I’ve noticed an interesting similarity between what BMW and Apple are doing with their product lines. In short, they’re unifying their product lines so that from the cheapest to the most expensive you still get the same look and feel.
Over the last few years BMW has been working to do something extraordinary: they’re making all their sedans–from the 1-series to the 7-series–look very much the same.
The 1-series is much smaller than say a 7-series, and it does have fewer features, but to an observer from the outside it’s quite clear that the 1-series is the same kind of car.
And from the 3 to the 5, the changes are far fewer. Again, gradual upgrades in wheelbase and options, but the cars can be easily be mistaken for each other. Take a look at the images of the lights above, taken from the 3, 5, and 7-series’ latest models. They’re extremely similar.
For a long time Apple has been making their laptops look much the same. Again, to a casual observer not an expert on the lines, a lower-end Apple laptop of three years ago looks much the same as the latest Macbook Pro.
You can also see this with the iPod and iPad design. The new iPads have the curved, plastic back that the iPods have, and that we can expect to be synchronized across much of their line.
The benefits of unification
Unification does a few things for you:
- It magnifies brand recognition by having every model provide it rather than just a few
- It allows every user to benefit from the association with the brand–even those who bought at the low-end
Possible downsides of unification
One potential negative result that can arise from unification is a reduction of the luxury pull of the brand. If more people have the brand, the it’s simply not as exclusive–by definition.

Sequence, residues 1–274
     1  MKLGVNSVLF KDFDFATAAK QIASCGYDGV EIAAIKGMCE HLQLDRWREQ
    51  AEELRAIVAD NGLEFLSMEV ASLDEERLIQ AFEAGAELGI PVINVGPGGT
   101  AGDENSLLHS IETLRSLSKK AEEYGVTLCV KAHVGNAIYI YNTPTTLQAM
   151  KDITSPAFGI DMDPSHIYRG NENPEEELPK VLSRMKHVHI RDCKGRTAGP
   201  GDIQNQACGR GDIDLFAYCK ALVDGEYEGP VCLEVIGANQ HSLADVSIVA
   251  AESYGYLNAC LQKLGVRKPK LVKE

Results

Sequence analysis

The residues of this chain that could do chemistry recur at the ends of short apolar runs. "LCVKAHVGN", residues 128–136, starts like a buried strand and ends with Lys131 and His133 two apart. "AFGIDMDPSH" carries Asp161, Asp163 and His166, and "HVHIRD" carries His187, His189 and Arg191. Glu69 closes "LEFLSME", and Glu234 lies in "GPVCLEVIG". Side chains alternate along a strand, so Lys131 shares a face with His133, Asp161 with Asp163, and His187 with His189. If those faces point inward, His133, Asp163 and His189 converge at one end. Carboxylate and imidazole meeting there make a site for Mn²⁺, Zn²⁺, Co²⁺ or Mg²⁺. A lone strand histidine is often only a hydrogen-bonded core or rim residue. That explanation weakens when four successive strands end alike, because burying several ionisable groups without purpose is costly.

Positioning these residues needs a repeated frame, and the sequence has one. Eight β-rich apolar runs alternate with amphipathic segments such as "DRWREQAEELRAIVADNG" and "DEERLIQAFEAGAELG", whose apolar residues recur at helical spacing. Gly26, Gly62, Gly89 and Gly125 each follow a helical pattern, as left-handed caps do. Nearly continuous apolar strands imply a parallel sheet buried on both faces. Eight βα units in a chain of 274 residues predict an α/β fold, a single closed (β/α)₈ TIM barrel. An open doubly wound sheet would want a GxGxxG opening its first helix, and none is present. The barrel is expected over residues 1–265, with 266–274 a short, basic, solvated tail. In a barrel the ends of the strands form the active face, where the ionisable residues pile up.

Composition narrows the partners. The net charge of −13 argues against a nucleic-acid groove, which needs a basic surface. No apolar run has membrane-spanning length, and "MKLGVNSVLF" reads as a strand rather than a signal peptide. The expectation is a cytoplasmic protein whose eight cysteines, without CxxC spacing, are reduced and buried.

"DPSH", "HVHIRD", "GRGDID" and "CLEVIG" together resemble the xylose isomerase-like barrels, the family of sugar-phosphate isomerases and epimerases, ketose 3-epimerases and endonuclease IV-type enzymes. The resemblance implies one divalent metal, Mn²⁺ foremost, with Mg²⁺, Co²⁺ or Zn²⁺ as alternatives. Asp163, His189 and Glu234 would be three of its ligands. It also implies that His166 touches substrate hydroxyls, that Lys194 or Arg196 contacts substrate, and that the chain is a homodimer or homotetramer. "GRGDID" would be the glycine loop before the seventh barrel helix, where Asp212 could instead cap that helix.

This is where the differentiation between products within the brand can be important. A 3-series can look like a 7-series to outsiders, but for those who have a BMW it’s really clear who has the 7, and that does help somewhat with the exclusivity piece.
But ultimately the problem still does remain that when you see the logo for that particular widget, it doesn’t automatically mean you’re part of the elite–which is the message most brands want to convey.
So for companies like Apple and BMW, it’s all about going after the masses without becoming watered down as an exclusive brand.
For Apple they definitely needed to make a move for more people, as Android is absolutely murdering them with the lower-end phone market (since Apple wasn’t in that market). One could argue they still aren’t, but at least they have some color options available.
The question will be whether or not they can keep their “ooh-ahh” Apple magic while simultaneously going after more and more people.
Why shouldn’t all companies do this?
What about Rolex? What sort of analysis goes on to figure out when you should go after the larger markets or not? I imagine it’s hard to quantify the loss of business you’d get by putting out a cheaper line.
There aren’t really any cheap Rolexes. Imagine if they released a new line that was like…$600. How much money would they make from everyone wanting to own a Rolex?
But how much would they lose from the high-end folks then not wanting to buy that brand because all the plebs have them? That’s the calculation I’m sure someone is making.
What’s interesting to me is why one company does it and another doesn’t. Burberry went low-end and got crushed, so they’re reversing course back to exclusivity. Apple and BMW are reaching down, as we’ve talked about, and it remains to be seen how that’ll go.
But what about Aston Martin? Rolls Royce? Etc.
I think we’ll see more of this unification with Apple. I wonder if we won’t see the regular lines become the colored ones–including laptops. So you have your pink and blue and yellow MacBooks–and then you have your Pro version that is metal with the top-end specs.
The metal at that point would just be an exclusive color option–just with better specs as a bonus. Of course, for the pro users it’d be the only option, and that’s fine.
I find the whole thing fairly interesting. It’ll be interesting to see how the unification game plays out with these two brands, and which decide it was a bad move and pull back up into the luxury market.
I think Burberry and Rolex can do that easier than BMW or Apple, though, because cars and computers are tools. There are millions of them, and if you ignore the lower markets you’re going to get stomped.
With clothing and jewelry, however, you’re already in the realm of exclusivity, and sacrificing that to reach down for marketshare is inherently more dangerous.
Anyway, it’ll be interesting to watch.